Charlottesville Breaking News

Love's medical records: Should hearing be closed?

In a rare agreement with the defense, Commonwealth's Attorney Dave Chapman said he'd like a November 7 hearing on motions concerning the medical records of slain UVA student Yeardley Love closed. Attorneys for alleged killer George Huguely have filed motions seeking Love's medical records and were in Charlotesville Circuit Court October 26 for a brief hearing.

"In light of the sensitivity of the issue, the hearing on the merit of the motions should be in camera," said Chapman. 'We need to do anything to minimize the information out there in order to have an impartial jury from this community."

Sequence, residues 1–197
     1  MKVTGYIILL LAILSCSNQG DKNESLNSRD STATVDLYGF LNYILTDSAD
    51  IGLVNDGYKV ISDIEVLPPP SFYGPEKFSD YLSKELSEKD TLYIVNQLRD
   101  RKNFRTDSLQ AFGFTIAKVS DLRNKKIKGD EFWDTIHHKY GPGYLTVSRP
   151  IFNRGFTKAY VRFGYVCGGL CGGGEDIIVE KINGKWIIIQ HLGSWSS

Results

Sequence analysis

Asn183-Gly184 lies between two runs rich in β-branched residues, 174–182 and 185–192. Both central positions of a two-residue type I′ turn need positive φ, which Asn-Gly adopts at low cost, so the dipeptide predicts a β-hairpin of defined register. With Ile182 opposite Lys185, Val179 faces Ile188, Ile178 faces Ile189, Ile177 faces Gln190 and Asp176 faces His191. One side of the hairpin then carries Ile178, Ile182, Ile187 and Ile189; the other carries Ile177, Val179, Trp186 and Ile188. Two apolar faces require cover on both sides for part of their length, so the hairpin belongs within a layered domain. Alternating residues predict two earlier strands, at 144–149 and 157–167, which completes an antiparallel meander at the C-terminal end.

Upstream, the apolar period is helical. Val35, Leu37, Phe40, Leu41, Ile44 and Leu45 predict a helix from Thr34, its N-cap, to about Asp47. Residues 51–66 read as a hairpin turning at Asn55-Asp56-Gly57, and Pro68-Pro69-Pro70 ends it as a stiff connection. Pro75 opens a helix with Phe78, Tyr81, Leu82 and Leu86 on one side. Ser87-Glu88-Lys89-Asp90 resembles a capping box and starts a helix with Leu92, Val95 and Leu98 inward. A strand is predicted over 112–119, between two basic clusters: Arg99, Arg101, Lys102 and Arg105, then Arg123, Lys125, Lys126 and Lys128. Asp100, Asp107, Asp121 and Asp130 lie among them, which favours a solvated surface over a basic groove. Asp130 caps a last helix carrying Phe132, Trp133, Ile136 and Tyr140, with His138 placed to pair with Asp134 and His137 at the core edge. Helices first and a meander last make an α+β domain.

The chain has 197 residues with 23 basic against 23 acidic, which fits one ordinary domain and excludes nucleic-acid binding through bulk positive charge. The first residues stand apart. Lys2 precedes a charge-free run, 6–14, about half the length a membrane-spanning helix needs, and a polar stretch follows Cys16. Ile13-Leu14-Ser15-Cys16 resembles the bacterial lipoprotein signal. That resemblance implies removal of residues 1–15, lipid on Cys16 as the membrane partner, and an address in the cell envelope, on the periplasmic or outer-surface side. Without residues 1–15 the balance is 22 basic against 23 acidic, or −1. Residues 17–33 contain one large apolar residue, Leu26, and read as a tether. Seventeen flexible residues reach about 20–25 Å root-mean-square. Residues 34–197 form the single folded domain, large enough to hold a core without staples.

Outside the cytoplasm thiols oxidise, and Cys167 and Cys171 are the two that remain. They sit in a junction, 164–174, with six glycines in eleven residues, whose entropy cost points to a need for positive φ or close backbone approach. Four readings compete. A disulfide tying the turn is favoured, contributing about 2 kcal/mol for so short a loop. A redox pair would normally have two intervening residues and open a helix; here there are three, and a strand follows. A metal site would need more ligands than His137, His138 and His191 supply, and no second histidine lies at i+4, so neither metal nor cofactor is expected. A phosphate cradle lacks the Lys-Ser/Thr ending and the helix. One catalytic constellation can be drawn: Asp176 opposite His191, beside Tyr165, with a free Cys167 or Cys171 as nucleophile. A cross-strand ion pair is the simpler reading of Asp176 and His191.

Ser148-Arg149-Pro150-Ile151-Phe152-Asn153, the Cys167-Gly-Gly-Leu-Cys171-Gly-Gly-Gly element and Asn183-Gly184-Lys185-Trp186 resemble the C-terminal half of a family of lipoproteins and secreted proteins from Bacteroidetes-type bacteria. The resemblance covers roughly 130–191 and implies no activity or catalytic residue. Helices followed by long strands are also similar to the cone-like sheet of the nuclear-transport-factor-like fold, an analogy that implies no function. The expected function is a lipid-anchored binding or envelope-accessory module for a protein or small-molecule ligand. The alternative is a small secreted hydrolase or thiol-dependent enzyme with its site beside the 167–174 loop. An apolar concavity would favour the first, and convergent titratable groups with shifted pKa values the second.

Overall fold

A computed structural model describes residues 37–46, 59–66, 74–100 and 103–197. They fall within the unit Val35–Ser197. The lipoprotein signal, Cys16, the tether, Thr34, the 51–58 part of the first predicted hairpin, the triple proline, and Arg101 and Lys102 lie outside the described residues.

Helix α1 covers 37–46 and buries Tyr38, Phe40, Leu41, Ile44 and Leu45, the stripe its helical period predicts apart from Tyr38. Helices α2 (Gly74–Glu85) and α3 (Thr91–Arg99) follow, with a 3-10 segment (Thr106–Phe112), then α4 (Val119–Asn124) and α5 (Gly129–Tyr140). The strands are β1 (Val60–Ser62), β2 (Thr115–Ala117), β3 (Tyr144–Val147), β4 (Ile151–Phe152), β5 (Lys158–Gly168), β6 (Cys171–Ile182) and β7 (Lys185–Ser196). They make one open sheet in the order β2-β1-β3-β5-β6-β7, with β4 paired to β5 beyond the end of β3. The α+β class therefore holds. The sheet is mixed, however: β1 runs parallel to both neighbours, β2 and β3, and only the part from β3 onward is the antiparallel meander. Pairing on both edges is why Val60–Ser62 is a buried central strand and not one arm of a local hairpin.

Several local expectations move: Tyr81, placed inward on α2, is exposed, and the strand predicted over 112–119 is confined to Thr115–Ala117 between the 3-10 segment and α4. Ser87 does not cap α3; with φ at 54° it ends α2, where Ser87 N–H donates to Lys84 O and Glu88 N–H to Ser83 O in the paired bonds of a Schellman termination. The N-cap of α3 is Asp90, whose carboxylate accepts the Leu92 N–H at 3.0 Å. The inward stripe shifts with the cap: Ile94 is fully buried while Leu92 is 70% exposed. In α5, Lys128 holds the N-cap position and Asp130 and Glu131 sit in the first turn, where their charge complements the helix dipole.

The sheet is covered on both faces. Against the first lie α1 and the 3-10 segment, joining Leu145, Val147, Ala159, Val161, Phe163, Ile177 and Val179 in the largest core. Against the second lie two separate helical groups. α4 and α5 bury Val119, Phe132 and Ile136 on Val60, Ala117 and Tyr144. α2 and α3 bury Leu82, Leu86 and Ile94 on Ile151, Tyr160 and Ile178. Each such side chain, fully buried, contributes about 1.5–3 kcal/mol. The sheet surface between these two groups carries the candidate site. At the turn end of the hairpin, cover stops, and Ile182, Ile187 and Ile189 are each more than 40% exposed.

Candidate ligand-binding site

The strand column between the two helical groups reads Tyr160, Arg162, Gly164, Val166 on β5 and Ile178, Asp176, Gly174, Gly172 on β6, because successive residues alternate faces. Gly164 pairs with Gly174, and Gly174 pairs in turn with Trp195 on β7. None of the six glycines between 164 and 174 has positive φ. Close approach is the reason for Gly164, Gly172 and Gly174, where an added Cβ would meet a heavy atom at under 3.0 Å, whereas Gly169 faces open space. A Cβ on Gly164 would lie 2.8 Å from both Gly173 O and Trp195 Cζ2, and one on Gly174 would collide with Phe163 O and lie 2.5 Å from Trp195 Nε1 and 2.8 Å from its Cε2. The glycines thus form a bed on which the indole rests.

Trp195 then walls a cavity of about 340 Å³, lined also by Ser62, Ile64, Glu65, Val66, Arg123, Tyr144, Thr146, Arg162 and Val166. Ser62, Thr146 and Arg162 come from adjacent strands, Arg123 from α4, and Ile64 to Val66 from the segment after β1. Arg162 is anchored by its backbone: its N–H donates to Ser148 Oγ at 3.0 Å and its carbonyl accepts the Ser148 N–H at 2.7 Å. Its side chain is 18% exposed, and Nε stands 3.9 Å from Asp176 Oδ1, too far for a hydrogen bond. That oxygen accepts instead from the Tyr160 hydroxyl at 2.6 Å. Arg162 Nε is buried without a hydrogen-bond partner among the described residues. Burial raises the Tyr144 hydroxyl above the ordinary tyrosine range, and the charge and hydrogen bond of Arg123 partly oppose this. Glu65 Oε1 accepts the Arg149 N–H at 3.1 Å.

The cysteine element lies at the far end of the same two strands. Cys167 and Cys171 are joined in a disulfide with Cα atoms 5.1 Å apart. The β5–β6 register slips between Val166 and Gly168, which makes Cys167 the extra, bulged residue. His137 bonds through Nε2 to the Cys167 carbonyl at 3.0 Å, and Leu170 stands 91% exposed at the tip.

"We want everyone on the same page to avoid multiple hearings," said defense attorney Rhonda Quagliana, in anticipation that the prosecution will file motions to quash subpoenas for Love's medical records and prescriptions from health-care providers.

In a hearing in December, Judge Robert Downer agreed Huguely's attorneys could see records relating to her use of Adderall, which was found in her blood, but would not allow "a fishing expedition."

Circuit Court Judge Edward Hogshire said the November 7 hearing will determine what is being sought and why, and whether the hearing should be closed or in open court.

The former CourtTV network, now called In Session, has filed a request to put three cameras in the courtroom. Huguely's attorneys ask that moti...

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Jury: He did it. Abshire murder trial